Although I focused on extensiblity in this blog post, the loose coupling you can achieve with dependency injection has many other benefits, such as simplifying isolation for unit testing.

Note that IoC containers can do much more than what I’ve demonstrated here and there are many different solutions to choose from.

Just for the sake of completeness, X++ plugins are based on Managed Extensibility Framework.

Filter for enum fields in OData service

It took me a while to figure out how to filter AX (Operations) enum fields in the URL for OData service (I was using Get records in Flow). For example, let’s say I wanted to get sales orders with status = open order.

After a few failed attempts, I actually used classes generated by OData Client Code Generator, constructed a LINQ query and ran it.

context.SalesOrderHeaders.Where(h => h.SalesOrderStatus == SalesStatus.Backorder).ToArray();

Then I intercepted the URL in an event handler for SendingRequest2 and finally got the answer. The filter must be set in this way:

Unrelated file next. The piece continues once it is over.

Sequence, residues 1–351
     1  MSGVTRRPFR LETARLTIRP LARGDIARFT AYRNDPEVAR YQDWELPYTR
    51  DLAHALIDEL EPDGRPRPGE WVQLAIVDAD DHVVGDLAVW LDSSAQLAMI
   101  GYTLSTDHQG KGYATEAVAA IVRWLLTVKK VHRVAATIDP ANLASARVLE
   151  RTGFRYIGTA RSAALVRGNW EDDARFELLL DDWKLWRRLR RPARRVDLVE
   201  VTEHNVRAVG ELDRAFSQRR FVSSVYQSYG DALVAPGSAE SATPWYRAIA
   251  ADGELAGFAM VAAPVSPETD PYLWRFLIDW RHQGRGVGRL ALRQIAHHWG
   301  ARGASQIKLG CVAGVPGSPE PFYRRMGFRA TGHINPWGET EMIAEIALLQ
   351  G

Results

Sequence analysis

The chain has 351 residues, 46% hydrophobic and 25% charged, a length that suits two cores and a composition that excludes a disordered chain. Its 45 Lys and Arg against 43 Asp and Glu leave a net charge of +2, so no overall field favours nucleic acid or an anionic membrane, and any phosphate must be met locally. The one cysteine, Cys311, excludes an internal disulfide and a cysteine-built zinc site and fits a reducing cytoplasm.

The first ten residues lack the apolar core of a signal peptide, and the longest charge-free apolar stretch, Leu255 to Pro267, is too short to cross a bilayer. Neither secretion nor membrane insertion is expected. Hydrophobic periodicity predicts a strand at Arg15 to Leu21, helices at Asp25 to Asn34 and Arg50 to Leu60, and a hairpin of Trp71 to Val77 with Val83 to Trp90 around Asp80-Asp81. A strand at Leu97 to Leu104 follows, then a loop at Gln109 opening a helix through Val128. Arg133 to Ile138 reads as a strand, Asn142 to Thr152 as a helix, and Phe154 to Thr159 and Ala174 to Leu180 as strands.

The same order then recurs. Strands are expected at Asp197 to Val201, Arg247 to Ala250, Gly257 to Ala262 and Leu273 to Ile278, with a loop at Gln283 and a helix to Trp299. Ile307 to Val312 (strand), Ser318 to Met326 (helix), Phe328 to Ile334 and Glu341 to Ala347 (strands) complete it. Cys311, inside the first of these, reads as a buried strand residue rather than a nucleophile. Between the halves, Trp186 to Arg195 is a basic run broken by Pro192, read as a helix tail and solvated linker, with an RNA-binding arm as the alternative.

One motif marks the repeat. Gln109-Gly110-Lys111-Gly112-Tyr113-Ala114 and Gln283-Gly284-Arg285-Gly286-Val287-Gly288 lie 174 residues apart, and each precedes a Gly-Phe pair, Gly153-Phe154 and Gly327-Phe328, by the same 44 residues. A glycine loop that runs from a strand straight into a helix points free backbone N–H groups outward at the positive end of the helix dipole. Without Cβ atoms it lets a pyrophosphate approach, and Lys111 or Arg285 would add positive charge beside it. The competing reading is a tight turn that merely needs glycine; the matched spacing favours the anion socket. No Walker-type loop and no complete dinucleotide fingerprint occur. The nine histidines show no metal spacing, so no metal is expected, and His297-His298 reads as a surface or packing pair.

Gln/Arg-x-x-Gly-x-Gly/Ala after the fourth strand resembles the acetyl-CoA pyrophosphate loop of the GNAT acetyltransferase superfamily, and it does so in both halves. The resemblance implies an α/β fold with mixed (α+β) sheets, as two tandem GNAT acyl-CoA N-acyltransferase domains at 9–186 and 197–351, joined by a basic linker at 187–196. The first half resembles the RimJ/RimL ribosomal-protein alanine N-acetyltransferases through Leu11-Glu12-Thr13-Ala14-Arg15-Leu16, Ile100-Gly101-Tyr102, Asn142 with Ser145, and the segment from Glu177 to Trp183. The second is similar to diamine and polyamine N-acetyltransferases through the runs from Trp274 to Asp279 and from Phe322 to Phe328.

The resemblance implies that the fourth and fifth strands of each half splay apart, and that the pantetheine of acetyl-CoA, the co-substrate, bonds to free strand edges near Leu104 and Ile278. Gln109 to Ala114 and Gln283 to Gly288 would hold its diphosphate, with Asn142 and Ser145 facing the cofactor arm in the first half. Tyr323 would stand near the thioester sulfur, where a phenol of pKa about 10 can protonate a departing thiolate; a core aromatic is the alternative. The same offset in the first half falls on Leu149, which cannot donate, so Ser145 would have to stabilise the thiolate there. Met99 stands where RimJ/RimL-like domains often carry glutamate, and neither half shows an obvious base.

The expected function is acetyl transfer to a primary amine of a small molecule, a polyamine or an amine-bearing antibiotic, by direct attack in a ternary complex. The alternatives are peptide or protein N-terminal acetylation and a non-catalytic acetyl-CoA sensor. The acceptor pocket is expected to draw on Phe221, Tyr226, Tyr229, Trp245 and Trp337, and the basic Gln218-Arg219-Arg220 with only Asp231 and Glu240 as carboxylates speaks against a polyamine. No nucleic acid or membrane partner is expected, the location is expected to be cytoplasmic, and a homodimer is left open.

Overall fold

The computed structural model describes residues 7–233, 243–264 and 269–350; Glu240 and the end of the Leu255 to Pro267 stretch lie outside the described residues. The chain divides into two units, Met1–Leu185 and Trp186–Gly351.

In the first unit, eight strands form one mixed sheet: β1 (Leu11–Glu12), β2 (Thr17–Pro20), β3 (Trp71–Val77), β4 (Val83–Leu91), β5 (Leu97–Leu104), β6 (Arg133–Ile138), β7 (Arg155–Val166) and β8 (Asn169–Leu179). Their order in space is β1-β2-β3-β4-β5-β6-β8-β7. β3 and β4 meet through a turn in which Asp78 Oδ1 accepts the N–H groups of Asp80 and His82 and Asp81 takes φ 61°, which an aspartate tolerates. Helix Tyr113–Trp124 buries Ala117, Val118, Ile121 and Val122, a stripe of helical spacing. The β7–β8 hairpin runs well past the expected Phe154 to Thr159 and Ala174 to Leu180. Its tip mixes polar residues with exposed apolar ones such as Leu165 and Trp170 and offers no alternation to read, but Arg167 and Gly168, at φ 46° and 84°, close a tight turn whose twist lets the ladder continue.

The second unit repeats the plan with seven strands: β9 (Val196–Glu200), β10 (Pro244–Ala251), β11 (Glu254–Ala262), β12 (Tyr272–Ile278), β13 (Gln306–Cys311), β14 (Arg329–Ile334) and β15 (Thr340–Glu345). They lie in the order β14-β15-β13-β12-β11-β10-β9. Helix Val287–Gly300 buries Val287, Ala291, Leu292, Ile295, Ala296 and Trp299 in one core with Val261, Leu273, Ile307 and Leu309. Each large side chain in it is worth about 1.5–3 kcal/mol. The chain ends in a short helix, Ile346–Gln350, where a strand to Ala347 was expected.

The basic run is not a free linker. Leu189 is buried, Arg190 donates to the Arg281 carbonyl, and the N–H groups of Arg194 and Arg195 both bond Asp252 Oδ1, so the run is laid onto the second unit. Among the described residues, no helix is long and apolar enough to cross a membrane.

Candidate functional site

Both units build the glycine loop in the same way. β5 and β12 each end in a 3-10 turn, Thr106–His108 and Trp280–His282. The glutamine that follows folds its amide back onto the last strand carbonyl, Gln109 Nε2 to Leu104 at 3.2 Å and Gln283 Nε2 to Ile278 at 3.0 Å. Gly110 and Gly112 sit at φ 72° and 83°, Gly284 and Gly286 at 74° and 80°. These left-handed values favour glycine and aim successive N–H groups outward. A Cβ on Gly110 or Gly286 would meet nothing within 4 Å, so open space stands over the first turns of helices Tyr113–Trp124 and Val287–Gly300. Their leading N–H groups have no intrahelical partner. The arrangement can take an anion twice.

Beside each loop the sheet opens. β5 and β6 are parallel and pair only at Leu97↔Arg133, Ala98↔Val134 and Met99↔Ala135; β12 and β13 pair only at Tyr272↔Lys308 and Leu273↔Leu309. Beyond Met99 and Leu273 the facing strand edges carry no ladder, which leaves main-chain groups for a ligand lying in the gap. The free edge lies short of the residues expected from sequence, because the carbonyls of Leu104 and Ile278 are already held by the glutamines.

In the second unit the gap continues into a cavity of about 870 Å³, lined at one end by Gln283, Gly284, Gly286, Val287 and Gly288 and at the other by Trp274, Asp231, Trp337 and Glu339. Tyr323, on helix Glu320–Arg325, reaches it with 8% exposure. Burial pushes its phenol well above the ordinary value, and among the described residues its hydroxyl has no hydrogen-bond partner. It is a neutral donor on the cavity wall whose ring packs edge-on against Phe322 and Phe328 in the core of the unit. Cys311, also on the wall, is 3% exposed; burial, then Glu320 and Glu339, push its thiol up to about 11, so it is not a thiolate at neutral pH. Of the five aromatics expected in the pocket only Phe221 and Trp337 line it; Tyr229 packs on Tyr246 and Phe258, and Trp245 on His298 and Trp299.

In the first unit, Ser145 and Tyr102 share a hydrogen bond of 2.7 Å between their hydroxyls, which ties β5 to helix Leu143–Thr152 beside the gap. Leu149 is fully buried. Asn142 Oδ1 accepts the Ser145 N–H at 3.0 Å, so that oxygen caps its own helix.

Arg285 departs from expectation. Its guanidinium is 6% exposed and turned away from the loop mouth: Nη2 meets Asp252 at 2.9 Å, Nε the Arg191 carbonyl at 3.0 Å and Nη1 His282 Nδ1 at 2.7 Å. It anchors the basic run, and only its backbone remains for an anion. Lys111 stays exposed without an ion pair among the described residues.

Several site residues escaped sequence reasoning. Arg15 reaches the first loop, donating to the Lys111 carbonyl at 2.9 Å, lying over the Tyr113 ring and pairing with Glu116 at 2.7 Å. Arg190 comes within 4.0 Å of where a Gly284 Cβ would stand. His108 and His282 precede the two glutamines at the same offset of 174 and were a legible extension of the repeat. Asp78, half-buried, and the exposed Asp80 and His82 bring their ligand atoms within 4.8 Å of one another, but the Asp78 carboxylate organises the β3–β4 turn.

SalesOrderStatus eq Microsoft.Dynamics.DataEntities.SalesStatus'Backorder'

No wonder I didn’t guess it.

OData service across companies

The OData service in Dynamics 365 for Operations returns data from user’s default company. But you can easily add cross-company=true to the URL (e.g. to get data from all companies. You can also filter the query by DataAreaId field, if you want data from a specific company.

But developers usually don’t construct the URL by themselves; they use some libraries that deal with such implementation details. In .NET, you’ll most likely use OData Client Code Generator (which was also used to create the OData app in Microsoft’s integration samples). The obvious question is how to put the cross-company parameter there.

You can subscribe to the BuildingRequest event, parse the URL and add the parameter, like this:

context.BuildingRequest += (sender, e) =>
    var uriBuilder = new UriBuilder(e.RequestUri);
    // Requires a reference to System.Web
    var paramValues = HttpUtility.ParseQueryString(uriBuilder.Query);
    paramValues.Add("cross-company", "true");
    uriBuilder.Query = paramValues.ToString();
    e.RequestUri = uriBuilder.Uri;

Note that simply attaching ?cross-company=true wouldn’t be enough; it wouldn’t work if there were some other parameters (such as for filtering).